Philadelphia Phillies host Celiac Disease Awareness Night
Ambler, PA (July 13th, 2009)- The Philadelphia Phillies have teamed up with the National Foundation for Celiac Awareness (NFCA) and Delaware valley area support groups to host a Celiac Awareness Night at Citizens Bank Park on Monday, July 20, 2009 at 7:05pm.
The team will support NFCA’s mission of raising awareness and funding for celiac disease by donating ticket proceeds from the July 20th game versus the Chicago Cubs to the cause.
Citizens Bank Park will provide an assortment gluten-free foods and beverages during the game and feature a Celiac Awareness Night exclusive Phanatic Gluten-Free Kid Meal, which includes a hot dog, chips, drink and a special treat. Meals will be available behind Sections 210 and 211.
Citizens Bank Park offers a robust gluten-free menu throughout the season in an effort to accommodate those with conditions like celiac disease who require a gluten-free diet. Visit the Phillies website for more information.
Tickets for Celiac Awareness Night at the Phillies can be purchased online through the Phillies box office (www.phillies.com/celiac) or by phone at (215) 463- 5000 ext. 5111. There are a variety of ticket prices and seating options available. Be sure to enter the promotional code ‘CELIAC’ to guarantee that proceeds from your ticket sales go to support raising celiac awareness.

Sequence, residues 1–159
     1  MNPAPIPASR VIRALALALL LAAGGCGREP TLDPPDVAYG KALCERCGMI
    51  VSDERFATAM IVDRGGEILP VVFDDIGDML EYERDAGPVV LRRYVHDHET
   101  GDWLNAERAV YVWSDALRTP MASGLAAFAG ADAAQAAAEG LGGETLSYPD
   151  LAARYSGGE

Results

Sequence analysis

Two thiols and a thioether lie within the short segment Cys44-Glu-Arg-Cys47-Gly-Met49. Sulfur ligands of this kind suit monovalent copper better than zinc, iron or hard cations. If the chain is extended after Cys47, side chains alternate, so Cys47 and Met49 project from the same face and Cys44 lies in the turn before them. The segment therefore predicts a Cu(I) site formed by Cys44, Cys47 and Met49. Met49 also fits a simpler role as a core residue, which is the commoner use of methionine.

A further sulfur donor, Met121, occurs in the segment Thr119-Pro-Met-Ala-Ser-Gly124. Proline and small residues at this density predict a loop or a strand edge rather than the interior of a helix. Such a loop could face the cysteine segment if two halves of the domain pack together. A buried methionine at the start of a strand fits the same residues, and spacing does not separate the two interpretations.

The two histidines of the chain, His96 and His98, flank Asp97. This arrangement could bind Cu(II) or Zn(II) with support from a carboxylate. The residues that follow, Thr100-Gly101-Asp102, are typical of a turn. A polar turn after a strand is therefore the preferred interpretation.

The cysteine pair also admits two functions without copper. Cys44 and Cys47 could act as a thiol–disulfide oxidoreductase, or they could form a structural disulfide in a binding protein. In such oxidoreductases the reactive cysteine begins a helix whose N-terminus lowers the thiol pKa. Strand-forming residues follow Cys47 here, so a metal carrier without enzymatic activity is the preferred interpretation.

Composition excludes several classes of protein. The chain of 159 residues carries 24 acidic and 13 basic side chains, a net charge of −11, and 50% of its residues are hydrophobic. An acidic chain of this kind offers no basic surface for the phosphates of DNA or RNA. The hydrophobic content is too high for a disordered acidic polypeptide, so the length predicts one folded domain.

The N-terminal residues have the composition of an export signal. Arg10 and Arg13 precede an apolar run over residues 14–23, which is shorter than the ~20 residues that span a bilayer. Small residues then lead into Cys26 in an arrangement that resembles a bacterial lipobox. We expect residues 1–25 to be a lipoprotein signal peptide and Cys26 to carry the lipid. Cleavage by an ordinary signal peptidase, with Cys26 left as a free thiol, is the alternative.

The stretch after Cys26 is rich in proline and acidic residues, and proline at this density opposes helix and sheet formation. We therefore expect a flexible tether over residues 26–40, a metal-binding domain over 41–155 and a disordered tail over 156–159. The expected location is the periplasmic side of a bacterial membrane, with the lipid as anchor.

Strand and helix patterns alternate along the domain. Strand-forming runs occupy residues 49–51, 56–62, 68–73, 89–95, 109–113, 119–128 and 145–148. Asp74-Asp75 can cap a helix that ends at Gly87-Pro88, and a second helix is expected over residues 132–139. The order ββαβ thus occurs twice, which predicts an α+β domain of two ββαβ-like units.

Celiac disease is an autoimmune digestive disease that damages the small intestine and interferes with absorption of nutrients from food. It is triggered by consumption of the protein called gluten, which is found in wheat, barley and rye. Left untreated, people with celiac disease can develop further complications such as other autoimmune diseases, thyroid disease, and some cancers. An estimated 3 million Americans have celiac disease, yet 97% remain undiagnosed. The only existing therapeutic option for those with celiac disease is a lifelong adherence to a 100 % gluten-free diet.
Recognizing celiac disease can be difficult because some of its symptoms are similar to those of other diseases such as irritable bowel syndrome, iron-deficiency anemia inflammatory bowel disease, and chronic fatigue syndrome. As a result, celiac disease has long been under diagnosed or misdiagnosed.
About the NFCA: